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Regarding Paramount Records
December 18, 2006 1:31 PM   Subscribe

...In 1924 New York Recording Laboratory decided to expand its reach into that market by purchasing the Black Swan label. Founded in 1920 or 1921 by black entrepreneur Harry H. Pace, the pioneering company recorded everything from ragtime to grand opera, as long as it was sung by African-Americans... Paramount's biggest star was Ma Rainey, a blues moaner who influenced the legendary singer Bessie Smith... Paramount did not neglect male blues singers, who tended to be folk artists in the sense that their music was made initially for the entertainment of isolated rural communities. These included the singers and guitarists Charlie Patton... Blind Lemon Jefferson...
Compliments of the Season from ParamountsHome--where, among many other things, one can find an online copy of David Evans's biography Charley Patton in Parts 1, 2 and 3 or look at a picture of Skip James in 1932, not to mention a view of Paramount's promotion of Patton as the Masked Marvel. And that is not, as they say, all...
posted by y2karl (14 comments total) 13 users marked this as a favorite

 
See also
Nowadays it would be called niche marketing. But during the early years of recorded sound, the music industry's efforts to tap African-Americans for their entertainment dollars were tainted by segregation. Paramount Records, a Wisconsin company with studios in Port Washington and Grafton, was among the first to specialize in "race records," as African-American discs were called before World War II. Sixty-five years after its demise, Paramount remains the most historically significant record label to operate in Wisconsin.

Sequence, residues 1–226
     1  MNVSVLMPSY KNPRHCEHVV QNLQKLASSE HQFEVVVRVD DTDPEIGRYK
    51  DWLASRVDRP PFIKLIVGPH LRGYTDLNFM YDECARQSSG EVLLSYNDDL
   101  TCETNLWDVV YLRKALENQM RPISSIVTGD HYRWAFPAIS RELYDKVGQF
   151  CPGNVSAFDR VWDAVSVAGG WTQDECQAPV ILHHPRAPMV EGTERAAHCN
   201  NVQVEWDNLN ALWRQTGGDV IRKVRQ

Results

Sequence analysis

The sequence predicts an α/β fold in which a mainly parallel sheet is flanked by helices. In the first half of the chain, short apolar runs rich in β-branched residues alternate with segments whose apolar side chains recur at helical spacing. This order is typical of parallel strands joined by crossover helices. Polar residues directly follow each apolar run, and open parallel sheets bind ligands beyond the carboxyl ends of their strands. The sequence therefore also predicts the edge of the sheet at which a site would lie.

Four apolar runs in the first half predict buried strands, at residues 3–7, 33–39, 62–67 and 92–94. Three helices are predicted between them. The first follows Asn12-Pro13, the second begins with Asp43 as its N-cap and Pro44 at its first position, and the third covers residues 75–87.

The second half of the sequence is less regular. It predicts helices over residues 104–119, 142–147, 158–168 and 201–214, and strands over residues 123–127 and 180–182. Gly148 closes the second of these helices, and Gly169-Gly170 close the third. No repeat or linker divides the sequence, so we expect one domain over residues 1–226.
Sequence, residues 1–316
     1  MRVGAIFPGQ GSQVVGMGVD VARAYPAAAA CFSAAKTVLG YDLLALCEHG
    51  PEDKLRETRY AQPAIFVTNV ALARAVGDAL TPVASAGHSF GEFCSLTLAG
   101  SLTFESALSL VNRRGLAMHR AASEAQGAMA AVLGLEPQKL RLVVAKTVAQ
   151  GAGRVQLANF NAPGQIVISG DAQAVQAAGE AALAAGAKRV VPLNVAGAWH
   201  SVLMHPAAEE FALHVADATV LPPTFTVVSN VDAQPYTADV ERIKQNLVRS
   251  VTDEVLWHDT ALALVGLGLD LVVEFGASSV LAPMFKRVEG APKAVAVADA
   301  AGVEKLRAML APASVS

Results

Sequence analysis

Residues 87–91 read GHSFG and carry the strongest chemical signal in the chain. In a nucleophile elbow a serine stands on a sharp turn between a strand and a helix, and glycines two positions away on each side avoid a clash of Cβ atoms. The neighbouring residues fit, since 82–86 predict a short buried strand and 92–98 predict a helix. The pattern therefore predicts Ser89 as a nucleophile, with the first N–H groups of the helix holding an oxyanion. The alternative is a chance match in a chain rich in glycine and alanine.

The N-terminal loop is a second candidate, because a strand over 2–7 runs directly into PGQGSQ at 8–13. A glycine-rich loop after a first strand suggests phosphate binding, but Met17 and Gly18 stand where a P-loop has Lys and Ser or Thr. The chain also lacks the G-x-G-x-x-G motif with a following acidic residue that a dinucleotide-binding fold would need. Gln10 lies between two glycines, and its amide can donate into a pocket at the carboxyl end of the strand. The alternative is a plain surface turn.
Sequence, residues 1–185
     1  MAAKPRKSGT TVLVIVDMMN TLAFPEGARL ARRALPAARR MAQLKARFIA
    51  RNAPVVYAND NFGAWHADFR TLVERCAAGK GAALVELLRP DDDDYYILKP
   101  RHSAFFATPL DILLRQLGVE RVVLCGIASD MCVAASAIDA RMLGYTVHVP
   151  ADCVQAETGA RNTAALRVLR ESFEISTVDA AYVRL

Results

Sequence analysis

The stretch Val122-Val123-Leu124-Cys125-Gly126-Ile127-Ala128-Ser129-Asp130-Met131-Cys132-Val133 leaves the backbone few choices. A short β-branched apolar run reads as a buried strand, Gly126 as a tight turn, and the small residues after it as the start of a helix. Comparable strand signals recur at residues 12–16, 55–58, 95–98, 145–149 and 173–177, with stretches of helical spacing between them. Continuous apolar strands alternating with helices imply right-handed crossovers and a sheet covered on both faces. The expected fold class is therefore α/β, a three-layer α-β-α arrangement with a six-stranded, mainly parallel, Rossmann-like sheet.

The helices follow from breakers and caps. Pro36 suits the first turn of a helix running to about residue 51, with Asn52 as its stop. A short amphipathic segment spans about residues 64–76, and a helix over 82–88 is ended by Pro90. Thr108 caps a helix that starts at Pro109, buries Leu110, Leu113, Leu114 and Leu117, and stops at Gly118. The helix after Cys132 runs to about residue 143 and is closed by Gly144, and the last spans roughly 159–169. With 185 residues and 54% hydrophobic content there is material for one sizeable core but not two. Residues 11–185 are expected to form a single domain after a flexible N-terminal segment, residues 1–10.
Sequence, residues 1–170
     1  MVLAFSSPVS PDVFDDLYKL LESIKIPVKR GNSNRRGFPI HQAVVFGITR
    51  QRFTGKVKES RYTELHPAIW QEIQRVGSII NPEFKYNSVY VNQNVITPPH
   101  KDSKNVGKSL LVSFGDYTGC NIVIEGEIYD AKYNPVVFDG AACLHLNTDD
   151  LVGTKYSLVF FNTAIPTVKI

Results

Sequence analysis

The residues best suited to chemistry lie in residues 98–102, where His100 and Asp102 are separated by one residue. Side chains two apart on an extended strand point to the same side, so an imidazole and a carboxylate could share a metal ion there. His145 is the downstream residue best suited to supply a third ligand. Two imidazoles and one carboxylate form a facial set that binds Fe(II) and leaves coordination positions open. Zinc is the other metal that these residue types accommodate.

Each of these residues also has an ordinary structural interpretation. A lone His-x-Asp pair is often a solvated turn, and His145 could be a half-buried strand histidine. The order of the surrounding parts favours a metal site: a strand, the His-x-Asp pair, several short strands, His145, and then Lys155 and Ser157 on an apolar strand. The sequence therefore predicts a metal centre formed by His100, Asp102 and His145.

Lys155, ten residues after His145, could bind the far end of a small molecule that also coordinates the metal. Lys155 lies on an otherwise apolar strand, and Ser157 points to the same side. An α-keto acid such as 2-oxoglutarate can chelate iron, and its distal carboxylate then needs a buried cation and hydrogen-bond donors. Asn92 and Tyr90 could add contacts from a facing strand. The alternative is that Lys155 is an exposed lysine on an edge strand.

Paramount, along with its sister companies, recorded a wide variety of music, but today it is remembered chiefly as an important footnote in the development of blues music. Probably Paramount would have received even greater notice from historians had it been located in Chicago, Memphis, or other places known as meccas for black creative endeavor. Operating instead from a pair of unlikely towns in what was then rural Wisconsin, Paramount has been relegated to the status of a curiosity, albeit an important one, for its role in documenting the first generation of blues musicians.

The Paramount story is also interesting for what it tells us about the origins of today's glitzy, multi-billion-dollar recording industry. Not unlike several other early record companies, Paramount began in a most unglamorous fashion, as a subsidiary of Wisconsin Chair Company, whose Port Washington and Grafton factories made low-cost chairs, tables, and school desks which were marketed in the Midwest and the South. A line of wooden cabinets for Edison phonographs was added sometime around 1914. Before long the company began to consider producing phonograph
records as an incentive to phonograph buyers. From such nickel-and-dime concerns a new industry was nurtured.